MoMA Store

Responsive E-Commerce Redesign [Concept Project]

Overview

The MoMA Store isn’t your typical museum gift shop. They’re essentially a really cool design store. It’s time for the MoMA to up it’s game in the e-commerce world and have their online shopping experience reflect their high design standards.

The Problem

With large retailers like Amazon breathing down their neck, smaller retailers have to make some changes to keep up. 

The MoMA Museum Gift Shop is looking to design a new, responsive version of their online e-commerce retail site.

What I Did...

 UX Research
UX Design
Prototyping
 User Testing

The Team

Nelly Esperon

Discover

Research

Working with my teammate, we conducted the following research methods to inform our decision making process:

  • Business Research

  • Contextual Inquiry

  • Competitive/Comparative Analysis

  • Information Architecture Analysis

  • Card Sorting

Findings

Our research led us to a few key takeaways allowing us to define our problem:

  • The store offers a curated selection of design-centric and name-brand items, with less of a focus on art prints and souvenirs

  • The existing site contains most of the necessary features and elements, but are not presented in an updated, modern design

  • The existing IA is very complex – 9 categories and 164 subcategories – allowing an opportunity for simplification

Existing Homepage

Contextual Inquiry

Competitive & Comparative Analysis

Card Sorting

IA / Site Map

Define

Personas

Who are we designing for? Using existing personas provided by the museum marketing team, my teammate and I identified the primary user needs, while also keeping in mind secondary user needs. You never know who's going to be shopping on your site, so I knew we had to design for all users. Our primary persona's preferred device is a desktop computer, so I'll be designing desktop first.

Target User Needs

  • Identify new products

  • Reputable brand names

  • Trustworthy reviews

Secondary User Needs

  • Discovery & suggestions

  • Easy checkout

  • Mobile-optimized experience

User Flow

To ensure our primary users were able to find featured items with positive reviews, I kept in mind moving into the design phase that I would have to surface new and name-brand products in a high-visibility area of the site. Reviews would also need to be prominent on the product detail page.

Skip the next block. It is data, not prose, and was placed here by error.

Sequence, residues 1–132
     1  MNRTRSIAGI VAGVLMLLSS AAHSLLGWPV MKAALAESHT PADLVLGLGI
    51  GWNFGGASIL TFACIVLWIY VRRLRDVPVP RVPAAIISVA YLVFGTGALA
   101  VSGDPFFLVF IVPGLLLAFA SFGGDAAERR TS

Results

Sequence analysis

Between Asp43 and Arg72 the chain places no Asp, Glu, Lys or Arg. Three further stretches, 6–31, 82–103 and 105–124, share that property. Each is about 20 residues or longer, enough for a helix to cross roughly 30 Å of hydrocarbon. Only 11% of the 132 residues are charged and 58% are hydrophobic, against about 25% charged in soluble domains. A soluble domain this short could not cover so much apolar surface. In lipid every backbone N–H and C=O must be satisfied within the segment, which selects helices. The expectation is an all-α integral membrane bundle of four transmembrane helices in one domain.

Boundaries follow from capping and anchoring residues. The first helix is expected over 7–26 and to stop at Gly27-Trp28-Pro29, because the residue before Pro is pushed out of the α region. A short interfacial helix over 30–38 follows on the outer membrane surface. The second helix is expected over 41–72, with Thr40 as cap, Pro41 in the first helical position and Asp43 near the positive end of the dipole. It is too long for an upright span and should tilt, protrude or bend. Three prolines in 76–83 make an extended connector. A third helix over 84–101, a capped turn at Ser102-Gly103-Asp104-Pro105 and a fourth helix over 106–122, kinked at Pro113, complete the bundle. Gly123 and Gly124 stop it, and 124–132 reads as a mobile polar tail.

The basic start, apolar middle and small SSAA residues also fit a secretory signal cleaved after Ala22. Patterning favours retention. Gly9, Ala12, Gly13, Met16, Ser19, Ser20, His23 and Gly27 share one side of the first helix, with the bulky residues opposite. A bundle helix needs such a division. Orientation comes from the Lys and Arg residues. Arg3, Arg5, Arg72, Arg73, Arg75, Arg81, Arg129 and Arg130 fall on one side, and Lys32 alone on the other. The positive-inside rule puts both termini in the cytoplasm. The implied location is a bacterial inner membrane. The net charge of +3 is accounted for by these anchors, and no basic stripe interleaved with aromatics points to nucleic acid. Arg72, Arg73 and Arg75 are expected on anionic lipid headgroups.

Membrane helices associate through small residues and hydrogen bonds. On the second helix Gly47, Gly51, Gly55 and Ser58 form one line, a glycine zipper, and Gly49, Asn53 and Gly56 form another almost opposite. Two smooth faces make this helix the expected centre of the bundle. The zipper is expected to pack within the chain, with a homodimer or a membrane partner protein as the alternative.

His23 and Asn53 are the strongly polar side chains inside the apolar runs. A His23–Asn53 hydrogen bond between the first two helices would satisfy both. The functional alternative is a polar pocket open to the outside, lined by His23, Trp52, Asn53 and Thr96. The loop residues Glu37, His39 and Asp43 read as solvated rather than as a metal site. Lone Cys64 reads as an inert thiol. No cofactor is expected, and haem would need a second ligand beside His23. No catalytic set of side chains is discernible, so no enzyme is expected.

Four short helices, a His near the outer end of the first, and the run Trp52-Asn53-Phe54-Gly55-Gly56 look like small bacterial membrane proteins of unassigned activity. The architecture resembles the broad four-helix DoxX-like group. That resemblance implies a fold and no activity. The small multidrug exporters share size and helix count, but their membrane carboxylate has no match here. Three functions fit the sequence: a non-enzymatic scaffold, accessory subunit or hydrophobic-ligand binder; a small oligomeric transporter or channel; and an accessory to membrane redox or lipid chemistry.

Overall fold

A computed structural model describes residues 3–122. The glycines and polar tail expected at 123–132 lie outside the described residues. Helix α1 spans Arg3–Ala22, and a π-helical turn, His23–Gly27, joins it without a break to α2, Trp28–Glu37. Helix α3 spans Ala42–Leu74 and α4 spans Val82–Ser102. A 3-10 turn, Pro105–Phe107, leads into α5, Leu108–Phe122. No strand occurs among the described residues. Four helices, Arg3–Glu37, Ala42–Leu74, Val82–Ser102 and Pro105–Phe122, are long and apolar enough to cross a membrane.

Design

Sketches + Wireframes

Since our research findings told us that most of the features and elements already exist on the site, I sketched out the current layout to see where everything stood, then sketched new layouts to surface the pertinent information across the site.

Homepage

Category Page

Subcategory Page

Product Detail Page

Homepage

Category Page

Product Detail Page

User Testing

After building a functional prototype, I conducted 3 user tests. I provided the users with a scenario and few tasks to complete. The users were able to complete their tasks, but they did identify a few issues that needed addressing in the design.

Findings  Improvements

  • Brands were *somewhat* easy to find in the sidebar and in the dropdown nav
    Improvement: Add a Brands + Designers feature tile on the category page to improve findability.

  • Language inconsistencies regarding "Shop by brand" vs. "Brands + Designers." Improvement: Make all instances across entire site consistent.

  • No “Continue Shopping” option from shopping cart screen.
    Improvement: Add link from cart back to continue experience.

Deliver

Visual Design

Keeping the MoMA brand guidelines in mind, I refreshed the look and feel of the site. I updated the layout using a Bootstrap grid, ensuring the design would be responsive and function beautifully on whatever size screen a user is using.

Homepage

Category Page

Subcategory Page

Product Detail Page

MoMA Store